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In a year when many non-profit organizations were hampered by donor fatigue, Catholic Charities, Diocese of Nashville had its most successful fund-raising effort ever.
Pathways to Possibilities, which was a virtual event this year featuring videos of people talking about the support they received from Catholic Charities, recently closed with a total raised of $214,000. That represented a significant increase from the 2020 total of $135,000.
“We were thrilled with the response to Pathways,” said Judy Orr, executive director of Catholic Charities. “Though it was a virtual event, the video presentations really inspired people to support us. We are grateful to those individuals who paid it forward by sharing their personal stories of triumph over crisis.”
In Catholic Charities’ nearly 60-year history, “it was the largest event we’ve ever done,” said Gene Gillespie, development director for Catholic Charities. “It sets the stage for us going forward.”
“You hear this was a year of donor fatigue. We obviously didn’t experience that,” Gillespie said. “Most of our individual donors gave consistently throughout the year and again at the end of the year with Pathways.”
“The money will be utilized across all of our services that Catholic Charities offers,” Gillespie said, which includes helping people meet basic needs such as food and housing, job training and workforce development, refugee resettlement, counseling and emotional support, emergency assistance and disaster relief.
The last 18 months, with the challenges of the COVID-19 pandemic, the March 2020 tornadoes that cut across Middle Tennessee, the Christmas day bombing in downtown Nashville that forced people out of their homes and businesses to close, and the spring 2021 floods, highlighted the many ways Catholic Charities helps those in our community in need, Gillespie said. That, in turn, helped make Pathways to Possibilities such a success, Gillespie said.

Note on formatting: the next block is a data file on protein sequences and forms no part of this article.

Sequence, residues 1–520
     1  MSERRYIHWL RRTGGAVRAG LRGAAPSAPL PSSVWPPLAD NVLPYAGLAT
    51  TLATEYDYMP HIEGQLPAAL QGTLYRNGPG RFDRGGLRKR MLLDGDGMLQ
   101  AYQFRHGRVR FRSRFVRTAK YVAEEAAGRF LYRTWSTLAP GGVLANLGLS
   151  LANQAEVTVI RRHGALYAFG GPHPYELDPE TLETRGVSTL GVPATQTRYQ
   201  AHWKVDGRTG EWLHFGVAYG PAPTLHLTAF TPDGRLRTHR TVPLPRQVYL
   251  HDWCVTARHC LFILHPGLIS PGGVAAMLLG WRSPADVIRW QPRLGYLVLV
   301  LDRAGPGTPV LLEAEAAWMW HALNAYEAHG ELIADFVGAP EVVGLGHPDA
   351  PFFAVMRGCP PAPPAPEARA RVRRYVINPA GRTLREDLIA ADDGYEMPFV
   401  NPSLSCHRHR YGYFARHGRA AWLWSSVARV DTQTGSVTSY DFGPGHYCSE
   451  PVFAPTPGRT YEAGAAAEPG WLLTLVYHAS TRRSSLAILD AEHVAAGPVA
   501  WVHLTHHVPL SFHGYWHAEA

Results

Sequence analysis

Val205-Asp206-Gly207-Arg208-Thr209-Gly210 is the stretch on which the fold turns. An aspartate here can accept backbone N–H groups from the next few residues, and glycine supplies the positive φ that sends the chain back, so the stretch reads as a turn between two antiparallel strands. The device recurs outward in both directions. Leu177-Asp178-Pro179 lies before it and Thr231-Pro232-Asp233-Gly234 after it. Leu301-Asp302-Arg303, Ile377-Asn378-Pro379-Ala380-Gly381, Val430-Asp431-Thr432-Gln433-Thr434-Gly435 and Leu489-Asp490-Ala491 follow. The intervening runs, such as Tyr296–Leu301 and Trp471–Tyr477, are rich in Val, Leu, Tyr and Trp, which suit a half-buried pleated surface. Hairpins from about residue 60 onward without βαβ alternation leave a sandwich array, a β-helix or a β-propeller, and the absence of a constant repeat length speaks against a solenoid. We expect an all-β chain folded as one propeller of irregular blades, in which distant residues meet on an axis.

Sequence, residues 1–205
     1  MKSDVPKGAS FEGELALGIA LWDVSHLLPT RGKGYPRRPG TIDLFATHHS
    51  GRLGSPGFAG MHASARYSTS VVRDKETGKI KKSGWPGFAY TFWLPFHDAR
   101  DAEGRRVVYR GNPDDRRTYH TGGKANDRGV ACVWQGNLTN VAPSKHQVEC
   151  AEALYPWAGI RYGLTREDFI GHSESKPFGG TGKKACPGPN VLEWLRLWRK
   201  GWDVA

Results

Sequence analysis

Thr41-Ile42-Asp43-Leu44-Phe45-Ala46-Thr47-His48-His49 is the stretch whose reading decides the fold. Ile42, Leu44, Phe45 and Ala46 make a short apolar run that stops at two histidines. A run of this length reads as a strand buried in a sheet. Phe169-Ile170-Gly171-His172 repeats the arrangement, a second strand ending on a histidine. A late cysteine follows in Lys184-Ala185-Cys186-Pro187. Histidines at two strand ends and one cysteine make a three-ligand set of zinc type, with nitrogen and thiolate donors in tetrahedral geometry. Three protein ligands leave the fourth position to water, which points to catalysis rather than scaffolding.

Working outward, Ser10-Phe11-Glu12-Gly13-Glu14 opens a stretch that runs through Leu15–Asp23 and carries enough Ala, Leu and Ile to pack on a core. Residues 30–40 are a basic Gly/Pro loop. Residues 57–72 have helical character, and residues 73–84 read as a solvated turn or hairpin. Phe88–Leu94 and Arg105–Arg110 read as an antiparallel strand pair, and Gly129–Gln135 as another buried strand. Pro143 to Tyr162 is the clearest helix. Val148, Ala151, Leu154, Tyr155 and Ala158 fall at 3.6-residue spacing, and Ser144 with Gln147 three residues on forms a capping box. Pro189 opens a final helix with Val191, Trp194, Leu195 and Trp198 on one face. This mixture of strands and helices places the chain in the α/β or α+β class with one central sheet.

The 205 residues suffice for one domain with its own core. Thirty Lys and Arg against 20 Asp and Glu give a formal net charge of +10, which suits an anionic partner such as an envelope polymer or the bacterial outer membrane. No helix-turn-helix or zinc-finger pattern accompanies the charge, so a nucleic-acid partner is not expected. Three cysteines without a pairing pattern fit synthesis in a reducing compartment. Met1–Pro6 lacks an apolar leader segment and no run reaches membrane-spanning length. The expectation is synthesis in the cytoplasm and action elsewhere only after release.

“It elevated Catholic Charities to a point that we were one of the first responders the city and other organizations were calling, and with that it brought more awareness to the work Catholic Charities does and the community we serve,” Gillespie said.
The many challenges Catholic Charities responded to affected people from all parts of the community, said Keith King, Catholic Charities’ director of community relations and communications.
“Catholic Charities is uniquely positioned to help people across all sectors,” he said, from the homeless living on the street to those who lost their homes to the tornadoes and flooding, as well as businesses shut down by the bombing and those struggling to stay open and pay their employees through the pandemic.
“We’re going to help them all,” King said.
One of those helped was Demetrius Kelley, the managing partner of Rodizio Grill The Brazilian Steakhouse and the Melting Pot Fondue restaurants that were destroyed in the Christmas bombing. Kelley told his story in a video shown as part of this year’s virtual Pathways to Possibilities.
“I had to wake up all 13 managers at 7 o’clock in the morning on Christmas and tell them the building has probably been destroyed, you probably don’t have a job,” Kelley said.